-Order! The right honorable gentleman’s time has expired.


.- Mr. Speaker, the honorable member for Moreton (Mr. Killen) and the honorable member for Capricornia (Mr. Pearce) were certainly not motivated by any genuine concern for the future or the well-being of the Australian Labour party when they raised this issue to-night in the hope that they would be able to obtain the benefit of a certain amount of propaganda in the forthcoming federal election campaign. As members of the Liberal party of Australia, they are entitled to do that, but they are not entitled to pretend that they are not doing that, and that is what they have pretended.

The Minister for Labour and National Service (Mr. Harold Holt) has told us what the Australian Communist party wants to do and what it is trying to do.


– What it succeeded in doing.


– And, he claims, what it is succeeding in doing. Then he adds the charge that, in the recent election campaign in the Waterside Workers Federation of Australia prominent members of the Australian Labour party in Victoria went to the waterfront in that State and supported the unity ticket. As far as I am concerned, and as far as my knowledge goes, that charge is completely false.

Mr Falkinder:

– You were there.


– The honorable member knows nothing about it, of course. He merely repeats what he has read in letters to the editor of the Melbourne “ Age “. I have been maligned over that matter. It has been alleged that I went to the waterfront and supported unity tickets. I went to the waterfront and spoke once in connexion with the Victorian State election campaign. I spoke in support of Mr. Shepherd and his colleagues, and made no reference to the election within the Waterside Workers union. My position in regard to Communists, communism and unity tickets - and I think it is the position of all other members of the Australian Labour party - has been made very clear on many occasions. Speaking for my own part, I have, in television interviews, in press statements and in debates in this House, made it clear beyond all question that in every election campaign in which I am engaged, whether it is a trade union campaign or a political campaign, I always put the Australian Communist party candidate last. I do not hate Communists, but I do hate communism.

In Victoria, we are confronted with a peculiar situation in this respect: We have 70 unions affiliated with the Victorian branch of the Australian Labour party. Only seven of them have leading officials who are Communists. In only seven unions in Victoria affiliated with the Australian Labour party could this issue of unity tickets arise. But we have quite a number of unions which are affiliated with the Australian Democratic Labour party in Victoria. That is the only State in which unions are affiliated with the Democratic Labour party, and that party expects union men, in contests in the Federated Ironworkers Association of Australia and the Waterside Workers Federation, to back its candidates against Australian Labour party candidates and Australian Communist party candidates. What they want us to do is to take part in the campaign and denounce Labour men and Communists who are standing together. And the Labour men who are standing with Communists in trade union campaigns are, in my view, violating the rules of the Australian Labour party and will have to be dealt with at some time or other.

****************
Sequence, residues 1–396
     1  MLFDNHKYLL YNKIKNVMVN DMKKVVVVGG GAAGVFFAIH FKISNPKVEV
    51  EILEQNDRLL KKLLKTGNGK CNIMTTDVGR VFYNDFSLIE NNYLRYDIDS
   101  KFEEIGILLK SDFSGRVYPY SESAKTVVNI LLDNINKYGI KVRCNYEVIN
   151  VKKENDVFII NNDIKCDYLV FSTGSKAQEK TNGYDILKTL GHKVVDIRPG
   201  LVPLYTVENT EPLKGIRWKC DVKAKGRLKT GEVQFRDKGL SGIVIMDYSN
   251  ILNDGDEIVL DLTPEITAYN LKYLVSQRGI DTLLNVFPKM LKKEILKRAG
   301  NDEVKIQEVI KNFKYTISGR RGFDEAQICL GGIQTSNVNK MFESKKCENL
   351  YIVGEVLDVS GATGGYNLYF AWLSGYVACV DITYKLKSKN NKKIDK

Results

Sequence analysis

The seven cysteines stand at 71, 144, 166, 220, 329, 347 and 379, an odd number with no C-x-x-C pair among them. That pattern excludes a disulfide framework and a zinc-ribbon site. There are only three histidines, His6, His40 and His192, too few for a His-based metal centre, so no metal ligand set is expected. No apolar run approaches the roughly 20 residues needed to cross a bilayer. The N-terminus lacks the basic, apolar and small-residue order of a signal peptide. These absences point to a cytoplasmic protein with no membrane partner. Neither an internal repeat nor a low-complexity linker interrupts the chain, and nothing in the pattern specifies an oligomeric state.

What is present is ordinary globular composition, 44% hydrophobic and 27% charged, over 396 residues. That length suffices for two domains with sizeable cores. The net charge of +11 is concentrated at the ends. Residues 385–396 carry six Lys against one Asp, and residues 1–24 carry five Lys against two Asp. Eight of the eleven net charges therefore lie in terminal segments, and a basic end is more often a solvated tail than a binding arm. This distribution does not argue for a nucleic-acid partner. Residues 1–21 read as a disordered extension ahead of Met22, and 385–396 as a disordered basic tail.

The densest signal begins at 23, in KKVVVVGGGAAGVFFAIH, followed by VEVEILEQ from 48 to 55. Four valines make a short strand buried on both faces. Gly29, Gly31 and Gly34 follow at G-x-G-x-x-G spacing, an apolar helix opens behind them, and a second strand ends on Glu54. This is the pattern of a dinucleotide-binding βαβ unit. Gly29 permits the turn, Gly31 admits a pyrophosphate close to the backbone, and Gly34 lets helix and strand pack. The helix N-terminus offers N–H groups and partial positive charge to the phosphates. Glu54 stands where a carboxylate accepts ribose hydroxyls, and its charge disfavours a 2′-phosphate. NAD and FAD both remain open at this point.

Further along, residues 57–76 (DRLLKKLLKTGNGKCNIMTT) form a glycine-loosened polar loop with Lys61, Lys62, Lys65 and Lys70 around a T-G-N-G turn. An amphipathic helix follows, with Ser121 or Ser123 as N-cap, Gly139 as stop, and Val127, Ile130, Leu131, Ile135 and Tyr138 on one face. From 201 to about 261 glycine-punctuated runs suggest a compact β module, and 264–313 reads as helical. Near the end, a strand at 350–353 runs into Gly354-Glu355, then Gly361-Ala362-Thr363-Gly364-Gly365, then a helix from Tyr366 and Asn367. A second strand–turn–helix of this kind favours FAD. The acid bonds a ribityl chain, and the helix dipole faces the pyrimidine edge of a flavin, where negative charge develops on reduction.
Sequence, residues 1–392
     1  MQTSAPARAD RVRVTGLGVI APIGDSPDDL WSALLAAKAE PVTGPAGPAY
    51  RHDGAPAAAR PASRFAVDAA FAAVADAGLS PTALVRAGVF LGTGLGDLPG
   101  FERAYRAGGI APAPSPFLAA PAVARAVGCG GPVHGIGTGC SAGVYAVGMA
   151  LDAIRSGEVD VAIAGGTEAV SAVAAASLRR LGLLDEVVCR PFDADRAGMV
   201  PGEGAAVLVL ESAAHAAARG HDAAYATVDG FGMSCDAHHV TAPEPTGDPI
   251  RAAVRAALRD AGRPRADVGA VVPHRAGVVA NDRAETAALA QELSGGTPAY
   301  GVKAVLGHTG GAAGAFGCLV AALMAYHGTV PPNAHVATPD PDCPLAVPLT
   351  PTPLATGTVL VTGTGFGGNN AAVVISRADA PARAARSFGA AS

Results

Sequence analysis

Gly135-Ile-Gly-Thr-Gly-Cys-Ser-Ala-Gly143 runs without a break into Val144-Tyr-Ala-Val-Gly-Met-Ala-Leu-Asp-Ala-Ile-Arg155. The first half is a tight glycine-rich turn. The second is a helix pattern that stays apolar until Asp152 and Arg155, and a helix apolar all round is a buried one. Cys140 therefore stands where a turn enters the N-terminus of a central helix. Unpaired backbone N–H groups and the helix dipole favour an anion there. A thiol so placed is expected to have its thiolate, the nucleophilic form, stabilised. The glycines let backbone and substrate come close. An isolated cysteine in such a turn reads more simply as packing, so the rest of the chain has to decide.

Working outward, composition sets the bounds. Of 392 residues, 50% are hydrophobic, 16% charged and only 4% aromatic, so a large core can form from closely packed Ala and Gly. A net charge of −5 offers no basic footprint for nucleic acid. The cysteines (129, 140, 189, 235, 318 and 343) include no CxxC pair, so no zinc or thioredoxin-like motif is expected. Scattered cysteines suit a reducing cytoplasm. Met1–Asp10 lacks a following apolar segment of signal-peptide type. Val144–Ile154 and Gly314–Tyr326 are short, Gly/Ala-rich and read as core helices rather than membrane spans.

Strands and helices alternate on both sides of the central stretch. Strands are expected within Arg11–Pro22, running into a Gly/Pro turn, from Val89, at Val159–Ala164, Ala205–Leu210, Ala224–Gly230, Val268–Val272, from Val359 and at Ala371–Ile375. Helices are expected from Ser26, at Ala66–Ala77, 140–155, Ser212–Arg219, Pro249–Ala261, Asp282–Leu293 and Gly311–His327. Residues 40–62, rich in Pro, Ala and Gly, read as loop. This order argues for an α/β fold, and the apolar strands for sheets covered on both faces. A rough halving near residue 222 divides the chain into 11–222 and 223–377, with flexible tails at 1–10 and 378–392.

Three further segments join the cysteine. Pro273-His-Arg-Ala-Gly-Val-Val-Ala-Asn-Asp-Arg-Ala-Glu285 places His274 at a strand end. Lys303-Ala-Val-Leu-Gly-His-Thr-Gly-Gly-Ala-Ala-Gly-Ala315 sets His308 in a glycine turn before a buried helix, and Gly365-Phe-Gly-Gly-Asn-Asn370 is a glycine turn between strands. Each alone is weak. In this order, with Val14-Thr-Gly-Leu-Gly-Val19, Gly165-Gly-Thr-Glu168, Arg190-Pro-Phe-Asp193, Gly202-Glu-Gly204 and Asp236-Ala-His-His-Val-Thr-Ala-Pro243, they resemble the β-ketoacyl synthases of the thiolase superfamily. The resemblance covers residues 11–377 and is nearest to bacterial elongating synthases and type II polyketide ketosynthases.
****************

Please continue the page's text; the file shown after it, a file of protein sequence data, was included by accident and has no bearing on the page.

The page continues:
– When are you going to deal with them?


– It is not for us to say how members of the party shall be disciplined. That is for the State organization. We play our role in this matter, but the rules of the party are enforced, perhaps after some delay in some cases. I invite the Minister to wait and see. He may not have to wait very long. We are quite capable of handling our affairs and of dealing with the crises which .arise in our ranks when money from big interests in this country is used to engineer disputes in the Australian Labour party, split its ranks and then get the preferences of break-aways in order to keep anti-Labour governments in office.

To return to the Australian Democratic Labour party, it expected us to back their candidates against the other candidates. In my own union - the Federated Clerks Union of Australia - there is always a full slate of Australian Labour party candidates against Australian Communist, party candi-dates and a full slate of Australian Democratic Labour party candidates. The honorable member for Scullin (Mr. Peters) was for years the president of the Victorian branch of that union. As was done while he was president, we organize as far as we can inside the union a full slate of candidates against the Democratic Labour party. We vote the Labour ticket, and we hope that ultimately we will destroy the influence of the Democratic Labour party in the trade unions, as well as destroy the influence of the Australian Communist party. My solution for our troubles, as I have advanced it from time to time, is for the practice followed by Labour men in the Federated Clerks Union to be followed everywhere.